Oklahoma City Bombing Trial Promises Pain for Victims
by United Methodist News Service
NEW YORK (UMNS) -- The trial of Oklahoma City bombing suspect Timothy McVeigh, to begin March 31 in Denver, promises fresh pain for Anne Marshall.
Marshall's husband of nearly 13 years, Raymond Johnson, was one of the 168 victims who died when a bomb blast destroyed the Alfred P. Murrah federal office building on April 19, 1995. He was a Social Security Administration employee.
"The emotional pain really hasn't lessened that much since April of '95," said Marshall, employed here as an executive with the United Methodist Commission on Christian Unity and Interreligious Concerns. "You have to deal with it."
She decided recently to give up an opportunity to testify later against a second suspect, Terry Nichols, because it would have prevented her from following McVeigh's trial.
Instead, she intends to join the lottery for the 24 court seats allotted to family members of victims. Each family will be given a seat or seats for a week during McVeigh's trial, expected to last a minimum of three to four months and probably longer.
Although she's had a lot of contact with the U.S. attorneys involved in the bombing cases, Marshall said she has felt a "sense of disconnect" because she lives in New York, where the bombing rarely makes the news these days. "Whenever I go back to Oklahoma, there's a lot of emphasis placed on it," she explained.
But distance hasn't made the ordeal much easier. She still picks up the phone often to call their Oklahoma home and tell her husband about the day's events or some news item she's heard about. "It rings," she said. "Then I realize he's dead and he's not there." The sight of an older couple walking together also can prompt a jolt of painful reality. "I suddenly realize that I'm not going to have anybody when I'm 65," Marshall said.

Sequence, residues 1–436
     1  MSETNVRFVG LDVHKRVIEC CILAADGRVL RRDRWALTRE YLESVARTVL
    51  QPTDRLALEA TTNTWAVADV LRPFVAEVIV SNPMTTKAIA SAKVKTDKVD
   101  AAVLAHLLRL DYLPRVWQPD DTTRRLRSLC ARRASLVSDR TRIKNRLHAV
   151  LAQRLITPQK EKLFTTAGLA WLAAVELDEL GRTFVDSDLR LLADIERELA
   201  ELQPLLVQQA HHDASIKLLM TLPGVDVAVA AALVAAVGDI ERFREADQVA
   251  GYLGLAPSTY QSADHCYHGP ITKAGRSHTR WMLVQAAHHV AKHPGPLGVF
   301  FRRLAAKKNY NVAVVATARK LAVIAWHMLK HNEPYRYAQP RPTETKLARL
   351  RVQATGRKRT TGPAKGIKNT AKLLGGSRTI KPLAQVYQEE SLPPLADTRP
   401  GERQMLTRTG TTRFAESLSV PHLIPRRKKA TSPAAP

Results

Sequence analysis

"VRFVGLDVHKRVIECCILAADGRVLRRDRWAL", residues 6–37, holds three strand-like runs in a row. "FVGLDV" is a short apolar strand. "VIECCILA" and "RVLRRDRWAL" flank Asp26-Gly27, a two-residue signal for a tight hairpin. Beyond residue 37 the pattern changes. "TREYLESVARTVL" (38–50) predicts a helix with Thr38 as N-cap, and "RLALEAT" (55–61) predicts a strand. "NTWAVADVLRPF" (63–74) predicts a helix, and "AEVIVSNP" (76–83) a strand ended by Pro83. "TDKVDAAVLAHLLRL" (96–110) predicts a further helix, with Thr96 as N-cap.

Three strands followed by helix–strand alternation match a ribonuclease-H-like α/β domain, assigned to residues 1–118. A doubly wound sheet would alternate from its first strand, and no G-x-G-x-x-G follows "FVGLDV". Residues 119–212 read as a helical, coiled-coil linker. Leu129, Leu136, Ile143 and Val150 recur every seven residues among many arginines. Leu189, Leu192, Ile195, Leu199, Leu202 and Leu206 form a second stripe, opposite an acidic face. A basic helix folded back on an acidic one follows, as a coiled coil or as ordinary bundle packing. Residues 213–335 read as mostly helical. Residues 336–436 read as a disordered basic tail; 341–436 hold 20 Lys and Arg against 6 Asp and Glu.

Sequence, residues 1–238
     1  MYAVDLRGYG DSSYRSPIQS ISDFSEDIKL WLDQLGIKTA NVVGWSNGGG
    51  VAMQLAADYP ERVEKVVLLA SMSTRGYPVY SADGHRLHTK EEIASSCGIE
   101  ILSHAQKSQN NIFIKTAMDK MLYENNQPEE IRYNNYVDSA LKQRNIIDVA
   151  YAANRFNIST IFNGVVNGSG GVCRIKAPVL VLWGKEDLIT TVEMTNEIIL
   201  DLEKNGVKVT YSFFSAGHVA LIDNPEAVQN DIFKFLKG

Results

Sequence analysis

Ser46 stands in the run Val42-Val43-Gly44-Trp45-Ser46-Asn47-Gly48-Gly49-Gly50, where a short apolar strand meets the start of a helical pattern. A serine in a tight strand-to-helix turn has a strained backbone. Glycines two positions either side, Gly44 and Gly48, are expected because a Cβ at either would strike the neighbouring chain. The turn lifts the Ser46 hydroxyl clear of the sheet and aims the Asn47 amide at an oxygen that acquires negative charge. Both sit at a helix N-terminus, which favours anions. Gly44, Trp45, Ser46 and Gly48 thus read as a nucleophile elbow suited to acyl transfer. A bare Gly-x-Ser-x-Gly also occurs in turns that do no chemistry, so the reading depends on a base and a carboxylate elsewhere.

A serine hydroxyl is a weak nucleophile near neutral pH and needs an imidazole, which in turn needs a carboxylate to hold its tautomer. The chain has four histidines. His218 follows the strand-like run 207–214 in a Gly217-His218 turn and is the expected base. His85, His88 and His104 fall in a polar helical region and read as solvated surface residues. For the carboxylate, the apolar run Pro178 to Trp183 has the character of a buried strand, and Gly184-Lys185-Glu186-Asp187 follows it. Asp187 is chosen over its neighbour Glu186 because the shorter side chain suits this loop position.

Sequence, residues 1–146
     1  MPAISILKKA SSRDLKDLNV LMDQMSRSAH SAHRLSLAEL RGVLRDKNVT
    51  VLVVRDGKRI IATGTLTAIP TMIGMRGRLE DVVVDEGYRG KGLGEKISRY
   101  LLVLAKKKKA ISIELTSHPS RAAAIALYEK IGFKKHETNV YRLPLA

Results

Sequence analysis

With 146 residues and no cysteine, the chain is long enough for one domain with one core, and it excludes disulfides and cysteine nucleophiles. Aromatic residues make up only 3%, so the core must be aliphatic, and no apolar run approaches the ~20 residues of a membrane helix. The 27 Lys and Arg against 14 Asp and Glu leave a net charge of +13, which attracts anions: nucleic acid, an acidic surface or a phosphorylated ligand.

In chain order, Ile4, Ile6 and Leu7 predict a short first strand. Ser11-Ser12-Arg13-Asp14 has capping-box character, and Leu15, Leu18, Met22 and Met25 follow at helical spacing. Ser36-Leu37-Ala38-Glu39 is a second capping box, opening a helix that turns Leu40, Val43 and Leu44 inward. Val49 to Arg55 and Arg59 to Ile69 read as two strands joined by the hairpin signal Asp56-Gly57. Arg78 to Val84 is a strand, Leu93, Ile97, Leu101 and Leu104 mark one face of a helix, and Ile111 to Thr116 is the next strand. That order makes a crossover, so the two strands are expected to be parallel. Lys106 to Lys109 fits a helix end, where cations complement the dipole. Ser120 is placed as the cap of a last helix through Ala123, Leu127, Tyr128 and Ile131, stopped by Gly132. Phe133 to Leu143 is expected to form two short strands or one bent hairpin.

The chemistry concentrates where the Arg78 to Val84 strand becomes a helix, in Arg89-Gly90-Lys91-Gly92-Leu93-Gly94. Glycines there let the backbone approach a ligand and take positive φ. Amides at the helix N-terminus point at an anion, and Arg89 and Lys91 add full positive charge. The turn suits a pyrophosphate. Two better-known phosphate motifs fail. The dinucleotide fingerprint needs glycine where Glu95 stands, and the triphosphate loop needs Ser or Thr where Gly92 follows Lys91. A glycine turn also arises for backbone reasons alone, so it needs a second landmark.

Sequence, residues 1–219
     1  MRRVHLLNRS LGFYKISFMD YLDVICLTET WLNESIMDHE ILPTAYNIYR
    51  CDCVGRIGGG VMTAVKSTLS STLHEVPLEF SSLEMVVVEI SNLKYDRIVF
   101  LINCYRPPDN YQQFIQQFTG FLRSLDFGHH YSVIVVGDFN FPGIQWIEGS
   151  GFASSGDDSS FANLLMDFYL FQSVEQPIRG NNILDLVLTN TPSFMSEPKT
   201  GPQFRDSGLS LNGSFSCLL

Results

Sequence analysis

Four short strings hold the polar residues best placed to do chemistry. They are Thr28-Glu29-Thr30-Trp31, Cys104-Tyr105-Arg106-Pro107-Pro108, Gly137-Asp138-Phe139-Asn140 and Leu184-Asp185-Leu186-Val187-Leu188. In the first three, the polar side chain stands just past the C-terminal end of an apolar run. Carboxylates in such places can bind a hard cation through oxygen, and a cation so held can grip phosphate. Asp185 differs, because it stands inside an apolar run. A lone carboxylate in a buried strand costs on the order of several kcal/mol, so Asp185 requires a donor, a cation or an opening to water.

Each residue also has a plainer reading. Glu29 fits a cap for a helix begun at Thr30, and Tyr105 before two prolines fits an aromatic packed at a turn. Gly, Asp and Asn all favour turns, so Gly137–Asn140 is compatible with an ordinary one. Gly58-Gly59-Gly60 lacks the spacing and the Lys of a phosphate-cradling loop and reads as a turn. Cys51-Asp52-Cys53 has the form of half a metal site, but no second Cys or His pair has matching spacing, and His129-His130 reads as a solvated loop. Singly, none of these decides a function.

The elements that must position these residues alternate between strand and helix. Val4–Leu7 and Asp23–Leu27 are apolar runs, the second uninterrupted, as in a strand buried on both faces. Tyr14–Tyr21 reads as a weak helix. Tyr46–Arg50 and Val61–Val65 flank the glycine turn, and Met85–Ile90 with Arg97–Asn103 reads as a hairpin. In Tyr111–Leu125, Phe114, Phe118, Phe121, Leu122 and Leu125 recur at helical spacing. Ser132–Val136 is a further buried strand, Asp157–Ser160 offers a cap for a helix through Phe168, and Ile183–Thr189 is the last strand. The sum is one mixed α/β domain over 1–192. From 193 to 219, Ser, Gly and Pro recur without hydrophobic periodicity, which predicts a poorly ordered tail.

That lost promise of their future life together -- Johnson was to retire at the end of 1995 and join her in New York -- has helped fuel Marshall's anger against McVeigh and Nichols.
"They gave us a sentence that we have to live with ... of me living without my husband," she declared.
The different aspects of who she is -- a widow, a Christian, a Native American -- have produced conflicting emotions about whether the death penalty should be imposed if the defendants are found guilty.
Marshall acknowledges that as a Christian, she should forgive, and as a Native American, she should follow traditional beliefs that justice be allowed to take its own course.
As a widow, however, she's not sure forgiveness is possible.
Copyright © 1997 Kaleidoscope Ministries Ltd. All Rights Reserved